Av Hazard publicizes safety and operational concerns to help prevent accidents but it works only if we hear from you. Use the postage-free Av Hazard card to describe the hazard and return it to Pro Pilot. To obtain an official FAA review send NASA an ASRS form. For immediate action, call the airport, FBO, ATC, FSDO or the 24-hr FAA Safety Hotline at 800-255-1111. Note: Telephone numbers for all US Towers and ARTCCs are published in Ac-U-Kwik and Pilots Express Airport/Heliport/FBO directories. To report safety concerns outside the US, contact ICAO HQ at 514-954-8219 or via fax at 514-954-6077. ICAO has worldwide telephone and fax numbers to expedite Av Hazard reports to civil aviation authorities.

Intl Runway Safety Summit

In an effort to combat rising runway safety issues, FAA will host the Intl Runway Safety Summit from Dec 1–3, 2009 in Washington DC. Touted as the premier such summit, the event is cosponsored by the American Association of Airport Executives (AAAE) and MITRE Cor­p. The main goal of the summit is to address the problems plaguing airports around the world when unauthorized aircraft, vehicles or pedestrians venture on or near an active runway—ie, runway incursion.

Reducing the frequency and severity of runway incursions should be every airport manager, air traffic controller and pilot’s goal. Topics to be covered are human factors, airport geometry, signs, lighting, new technology, ATC and pilot procedures and safety management systems (SMS). Speakers will include FAA Administrator Randy Babbitt and FAA COO Hank Krakowski. One speaker who will likely pack the halls is Capt Robert Bragg, the sole surviving flightcrew member of the Pan Am Tenerife crash—the worst runway incursion in aviation history. With a lineup that includes many more speakers, FAA is hoping that all aviation professionals will attend the summit including airport managers, ATC controllers, pilots, engineers, human factor specialists, safety experts and airline and aviation association officials. For more information e-mail faaintlrunwaysafetysummit@aaae.org.

Top 10 “best practices” for pilots to improve airport safety

• Encourage use of correct terminology and proper voice cadence.
• Eliminate distractions in operational areas.
• Obtain and use airport diagrams. Use the FAA runway safety website to find airport diagrams for all airports.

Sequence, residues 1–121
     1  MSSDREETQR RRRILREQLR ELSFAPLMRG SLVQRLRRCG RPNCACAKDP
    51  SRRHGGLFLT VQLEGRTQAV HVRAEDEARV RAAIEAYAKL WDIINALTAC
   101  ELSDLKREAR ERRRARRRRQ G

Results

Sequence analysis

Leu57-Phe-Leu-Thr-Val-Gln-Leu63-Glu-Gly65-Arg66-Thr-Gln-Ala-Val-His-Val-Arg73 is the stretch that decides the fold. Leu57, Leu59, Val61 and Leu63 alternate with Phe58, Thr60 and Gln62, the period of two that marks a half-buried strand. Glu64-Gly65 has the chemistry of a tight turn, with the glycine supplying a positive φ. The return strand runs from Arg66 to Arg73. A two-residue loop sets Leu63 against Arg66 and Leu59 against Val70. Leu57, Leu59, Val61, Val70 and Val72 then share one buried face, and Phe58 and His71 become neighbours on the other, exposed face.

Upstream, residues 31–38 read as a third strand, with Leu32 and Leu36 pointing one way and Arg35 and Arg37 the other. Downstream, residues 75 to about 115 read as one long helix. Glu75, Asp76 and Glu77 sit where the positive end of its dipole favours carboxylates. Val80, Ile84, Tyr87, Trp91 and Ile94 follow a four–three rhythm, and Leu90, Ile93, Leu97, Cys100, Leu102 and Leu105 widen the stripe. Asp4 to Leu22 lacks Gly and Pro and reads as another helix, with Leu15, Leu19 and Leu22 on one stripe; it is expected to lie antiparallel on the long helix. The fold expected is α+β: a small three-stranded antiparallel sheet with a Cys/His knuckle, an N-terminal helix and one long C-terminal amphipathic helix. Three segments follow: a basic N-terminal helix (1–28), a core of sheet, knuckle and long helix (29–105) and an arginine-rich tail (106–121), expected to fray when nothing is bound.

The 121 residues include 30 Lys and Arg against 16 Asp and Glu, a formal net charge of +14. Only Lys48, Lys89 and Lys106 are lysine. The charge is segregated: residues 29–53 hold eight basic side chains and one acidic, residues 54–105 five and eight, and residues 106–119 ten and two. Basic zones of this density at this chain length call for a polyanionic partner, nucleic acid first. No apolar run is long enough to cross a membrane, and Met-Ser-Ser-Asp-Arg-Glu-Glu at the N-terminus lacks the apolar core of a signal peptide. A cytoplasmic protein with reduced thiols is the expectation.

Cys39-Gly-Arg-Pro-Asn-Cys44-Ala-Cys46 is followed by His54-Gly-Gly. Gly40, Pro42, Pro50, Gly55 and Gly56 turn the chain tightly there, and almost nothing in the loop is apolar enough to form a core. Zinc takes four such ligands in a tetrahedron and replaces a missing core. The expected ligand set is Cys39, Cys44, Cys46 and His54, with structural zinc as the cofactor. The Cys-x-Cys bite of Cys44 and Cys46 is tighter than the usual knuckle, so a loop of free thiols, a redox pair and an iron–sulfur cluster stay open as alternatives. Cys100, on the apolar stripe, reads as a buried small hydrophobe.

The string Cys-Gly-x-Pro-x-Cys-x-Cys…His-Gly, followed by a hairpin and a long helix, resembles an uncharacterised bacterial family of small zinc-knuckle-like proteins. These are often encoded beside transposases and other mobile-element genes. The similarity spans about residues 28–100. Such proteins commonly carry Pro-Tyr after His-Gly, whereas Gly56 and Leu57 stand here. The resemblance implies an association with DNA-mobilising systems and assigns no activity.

• Conduct “clearing turns” prior to entering any runway.
• Maintain a sterile cockpit when taxiing.
• Maintain appropriate taxi speed.
• Encourage pilots to have “eyes out” when taxiing.
• Encourage pilots to have a “heads up” policy when taxiing.
• Attend safety seminars and programs on runway safety.
• Improve safety by teaching, advocating, stressing and understanding situational awareness.

Enter the icing zone

As winter approaches, pilots are flying in an often misunderstood flight regime—frost, ice and supercooled large droplets (SLD) icing. NTSB has flight into icing conditions at the top of its “most wanted” list. The board states, “A widespread and firmly held, but incorrect, belief in the aviation community is that the activation of deice boots should be delayed until the buildup of 1/4–1/2 inch of ice to prevent ‘ice bridging.’

As a result, in many cases, flightcrews have not activated the deice boots until after the buildup of dangerous levels of icing on the aircraft.” NTSB does not believe that FAA’s response is quick enough, but does ack­nowl­edge some progress with the issuance of AC 25.1419-1A “Certification of Transport Category Airplanes for Flight in Icing Conditions.” FAA states in its advisory circular that activating the boots with less than 1/4–1/2 inch of ice may not completely shed the ice from one boot activation and the remainder of the ice should be removed by multiple cycles of the deicing boots and that the remaining ice should not be a threat for “ice bridging.”

NASA conducted extensive research to prove that ice bridging does not occur during early activation of deice boots. Its research included the use of wind tunnels and aircraft flying in actual icing conditions testing main wing and tailplane icing problems. At the completion of this testing, NASA created several aircraft icing learning tools on DVD. Online training is available free of charge on the NASA website at aircrafticing.grc.nasa.gov/courses_inflight. html. Several Web-based courses on icing are available at the NASA GRC website.

In Dec 2006, NTSB issued a Safety Alert—SA-006 “Aircraft Ground Icing,” which provides vital safety information on icing for pilots. The alert provides critical information that describes the gravity of the problem and provides information pilots should know about airplane icing before they take off. For more information on this NTSB Safety Alert dated Dec 2006, go to ntsb.gov/alerts /SA_006.pdf. Whether pilots believe they should activate the boots early or wait until ice has accumulated to a depth of 1/2 inch on the wings, they need to make themselves aware of all information on aircraft icing and visit the NASA website to review the icing re­search themselves.

It is highly unlikely that aircraft manufacturers will go back and conduct aircraft icing testing on an aircraft already certified. In the absence of “recertification” testing, any manufacturer is less likely to revise its flight operations manuals to change the boot activation procedure. The best advice to pilots is to be informed about the latest aircraft icing information and use it!